Microsoft Edges Further Into HPC
Microsoft pointed to gains in the high-performance computing (HPC) market as it readies the release of its HPC Server 2008
for later this year. On Wednesday, Microsoft released details of nine HPC projects in higher education that are using Microsoft's current Windows Compute Cluster Server 2003 (CCS 2003) product. The projects all launched within the last nine months.
We spoke with Microsoft yesterday about the schedule for HPC Server 2008's release, and a representative said it's still on target for this year, although an announcement for the specific release date is "still a few months out." HPC Server 2008 is scheduled for release in the second half of 2008 and will be the successor to CCS 2003.
HPC Server 2008 went into its first round of beta testing in November. The second stage of the beta program launched just last month.
Microsoft told us that it's seen a LINPACK performance increase of 30 percent in HPC Server 2008 (beta 1) compared with CCS 2003. Anthony Salcito, Microsoft's United States education general manager, said that further LINPACK trial results will be released later this month to coincide with the International Supercomputing Conference in Dresden, Germany.
It's unknown exactly how many universities are participating in the HPC Server 2008 beta program, but Brian Hammond, Microsoft HPC specialist, said the figure is "in the hundreds."
Meanwhile, CCS 2003 has gained momentum in research institutions, a space that's dominated by Unix and Linux. Microsoft pointed to nine projects in the United States that have been implemented over the last nine months or so.
Those using CCS 2003 who participate in Microsoft's Software Assurance program will be able to migrate automatically to HPC Server 2008 when it's released later this year. Rutgers University will be among those making the transition.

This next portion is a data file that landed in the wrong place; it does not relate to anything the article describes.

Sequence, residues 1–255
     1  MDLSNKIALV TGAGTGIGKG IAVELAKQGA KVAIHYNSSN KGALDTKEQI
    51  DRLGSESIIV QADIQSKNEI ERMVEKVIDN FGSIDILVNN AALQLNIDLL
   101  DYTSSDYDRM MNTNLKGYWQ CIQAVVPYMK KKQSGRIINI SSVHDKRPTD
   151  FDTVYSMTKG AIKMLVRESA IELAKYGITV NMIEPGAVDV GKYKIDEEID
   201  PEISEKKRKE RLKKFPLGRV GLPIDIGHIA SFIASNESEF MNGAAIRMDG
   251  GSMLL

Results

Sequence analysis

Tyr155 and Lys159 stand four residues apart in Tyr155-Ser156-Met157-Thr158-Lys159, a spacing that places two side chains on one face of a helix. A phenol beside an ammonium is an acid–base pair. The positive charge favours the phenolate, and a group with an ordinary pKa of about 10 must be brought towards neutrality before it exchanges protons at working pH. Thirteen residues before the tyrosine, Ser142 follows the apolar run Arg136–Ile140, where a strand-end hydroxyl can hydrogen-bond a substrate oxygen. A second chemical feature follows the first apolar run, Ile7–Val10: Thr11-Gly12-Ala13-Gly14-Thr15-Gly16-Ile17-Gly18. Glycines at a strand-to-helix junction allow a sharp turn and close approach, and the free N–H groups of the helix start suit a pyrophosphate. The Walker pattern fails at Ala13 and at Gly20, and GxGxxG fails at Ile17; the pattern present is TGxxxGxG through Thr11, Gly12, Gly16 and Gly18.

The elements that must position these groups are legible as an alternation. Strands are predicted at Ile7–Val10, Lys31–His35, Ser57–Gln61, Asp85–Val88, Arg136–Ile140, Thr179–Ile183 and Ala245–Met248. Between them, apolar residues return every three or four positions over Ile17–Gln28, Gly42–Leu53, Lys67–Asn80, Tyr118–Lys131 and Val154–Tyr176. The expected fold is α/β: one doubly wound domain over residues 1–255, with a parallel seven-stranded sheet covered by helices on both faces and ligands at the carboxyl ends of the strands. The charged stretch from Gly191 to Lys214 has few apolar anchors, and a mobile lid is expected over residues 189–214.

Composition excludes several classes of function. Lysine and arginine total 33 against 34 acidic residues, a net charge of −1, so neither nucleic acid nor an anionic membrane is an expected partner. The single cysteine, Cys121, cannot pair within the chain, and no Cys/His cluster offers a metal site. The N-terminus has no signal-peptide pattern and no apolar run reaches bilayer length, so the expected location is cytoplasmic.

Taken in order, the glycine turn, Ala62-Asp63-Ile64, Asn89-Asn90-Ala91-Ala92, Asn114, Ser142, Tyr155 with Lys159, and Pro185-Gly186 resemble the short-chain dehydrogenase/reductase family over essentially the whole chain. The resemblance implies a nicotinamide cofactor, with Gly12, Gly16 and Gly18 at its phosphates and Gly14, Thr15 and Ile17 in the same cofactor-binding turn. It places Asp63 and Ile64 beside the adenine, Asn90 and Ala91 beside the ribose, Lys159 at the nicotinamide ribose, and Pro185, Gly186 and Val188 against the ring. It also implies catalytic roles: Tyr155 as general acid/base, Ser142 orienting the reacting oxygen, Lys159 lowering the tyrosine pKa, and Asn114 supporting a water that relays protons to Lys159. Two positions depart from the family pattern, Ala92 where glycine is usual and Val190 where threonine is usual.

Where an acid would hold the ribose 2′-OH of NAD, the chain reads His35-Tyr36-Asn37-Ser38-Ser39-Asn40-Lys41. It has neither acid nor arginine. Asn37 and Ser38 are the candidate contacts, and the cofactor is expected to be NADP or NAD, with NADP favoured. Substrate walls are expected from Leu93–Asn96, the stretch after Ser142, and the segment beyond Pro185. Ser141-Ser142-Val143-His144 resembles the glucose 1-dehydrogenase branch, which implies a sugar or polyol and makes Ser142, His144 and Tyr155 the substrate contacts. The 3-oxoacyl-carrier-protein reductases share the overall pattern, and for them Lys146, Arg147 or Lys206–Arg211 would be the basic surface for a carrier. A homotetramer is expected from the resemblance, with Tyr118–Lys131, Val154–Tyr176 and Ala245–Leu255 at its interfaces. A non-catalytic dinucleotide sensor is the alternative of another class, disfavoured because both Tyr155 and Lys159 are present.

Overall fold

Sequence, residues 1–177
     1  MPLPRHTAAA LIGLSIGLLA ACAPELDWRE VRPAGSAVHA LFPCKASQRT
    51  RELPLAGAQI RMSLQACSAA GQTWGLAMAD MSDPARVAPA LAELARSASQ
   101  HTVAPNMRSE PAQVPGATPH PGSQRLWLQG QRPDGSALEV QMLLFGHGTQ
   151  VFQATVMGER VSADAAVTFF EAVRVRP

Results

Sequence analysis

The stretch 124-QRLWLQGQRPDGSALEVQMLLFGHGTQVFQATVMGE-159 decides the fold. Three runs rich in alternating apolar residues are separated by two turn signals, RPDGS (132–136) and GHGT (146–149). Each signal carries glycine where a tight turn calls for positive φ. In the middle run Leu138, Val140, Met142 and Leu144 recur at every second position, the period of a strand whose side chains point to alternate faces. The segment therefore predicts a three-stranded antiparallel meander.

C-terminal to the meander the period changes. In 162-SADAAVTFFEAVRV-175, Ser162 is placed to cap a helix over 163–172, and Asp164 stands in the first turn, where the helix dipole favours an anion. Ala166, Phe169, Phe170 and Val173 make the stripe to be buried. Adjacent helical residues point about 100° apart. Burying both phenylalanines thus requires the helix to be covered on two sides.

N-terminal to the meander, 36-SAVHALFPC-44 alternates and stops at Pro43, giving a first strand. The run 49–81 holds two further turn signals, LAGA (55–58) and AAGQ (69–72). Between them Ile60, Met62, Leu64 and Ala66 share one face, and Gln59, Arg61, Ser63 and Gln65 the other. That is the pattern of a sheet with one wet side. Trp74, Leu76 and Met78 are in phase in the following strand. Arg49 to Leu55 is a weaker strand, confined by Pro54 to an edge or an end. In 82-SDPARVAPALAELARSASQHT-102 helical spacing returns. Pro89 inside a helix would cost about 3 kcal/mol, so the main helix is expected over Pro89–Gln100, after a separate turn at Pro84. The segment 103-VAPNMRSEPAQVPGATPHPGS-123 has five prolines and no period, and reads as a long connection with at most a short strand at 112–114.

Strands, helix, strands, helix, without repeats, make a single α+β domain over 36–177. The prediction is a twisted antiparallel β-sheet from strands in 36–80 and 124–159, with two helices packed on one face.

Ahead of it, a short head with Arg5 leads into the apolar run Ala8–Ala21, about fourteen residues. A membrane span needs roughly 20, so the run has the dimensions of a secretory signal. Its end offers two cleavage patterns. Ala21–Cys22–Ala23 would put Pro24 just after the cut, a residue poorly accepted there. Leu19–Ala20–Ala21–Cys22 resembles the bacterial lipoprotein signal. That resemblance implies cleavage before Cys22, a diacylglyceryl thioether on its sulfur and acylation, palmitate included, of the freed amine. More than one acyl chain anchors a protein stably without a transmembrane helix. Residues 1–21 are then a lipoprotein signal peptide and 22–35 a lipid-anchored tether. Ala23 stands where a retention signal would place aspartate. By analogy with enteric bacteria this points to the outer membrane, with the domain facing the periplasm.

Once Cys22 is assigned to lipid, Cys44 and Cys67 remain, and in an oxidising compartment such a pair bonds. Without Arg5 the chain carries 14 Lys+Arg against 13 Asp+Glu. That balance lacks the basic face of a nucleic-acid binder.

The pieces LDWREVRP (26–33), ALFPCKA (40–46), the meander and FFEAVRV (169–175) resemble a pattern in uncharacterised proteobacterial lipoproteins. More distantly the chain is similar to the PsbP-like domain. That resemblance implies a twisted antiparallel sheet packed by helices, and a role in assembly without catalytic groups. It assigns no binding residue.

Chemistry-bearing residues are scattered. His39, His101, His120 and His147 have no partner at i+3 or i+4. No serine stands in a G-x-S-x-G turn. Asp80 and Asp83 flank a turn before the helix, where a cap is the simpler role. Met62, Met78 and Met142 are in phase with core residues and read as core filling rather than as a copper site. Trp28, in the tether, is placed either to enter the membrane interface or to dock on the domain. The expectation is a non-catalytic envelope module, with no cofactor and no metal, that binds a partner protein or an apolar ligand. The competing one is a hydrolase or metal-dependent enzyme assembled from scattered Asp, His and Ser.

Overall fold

"HPC Server 2008 will provide us with some key capabilities such as integrated virtualization support, which we can use to support a wide class of applications," said Manish Parashar, a Rutgers professor and co-director of the Center for Autonomic Computing, in a statement released today. "It will also provide us with interesting autonomic behaviors for power and energy management, performance and productivity management, and dynamic on-demand scaling."
"Microsoft has been focused on working with education throughout our history," Microsoft's Hammond told us. "HPC is a new space for us, but it crosses over into our core platform."
HPC Server 2008 is built on Windows Server 2008, a fact that, according to Hammond, will make the migration path less complex.
"We're hopeful that we'll have a rapid transition to 2008 when it becomes available," Hammond said. "We're trying to take the power, ease of use, and optimization of the Microsoft platform and apply it to challenges universities are facing."
Dave Nagel is the executive editor for 1105 Media's educational technology online publications and electronic newsletters.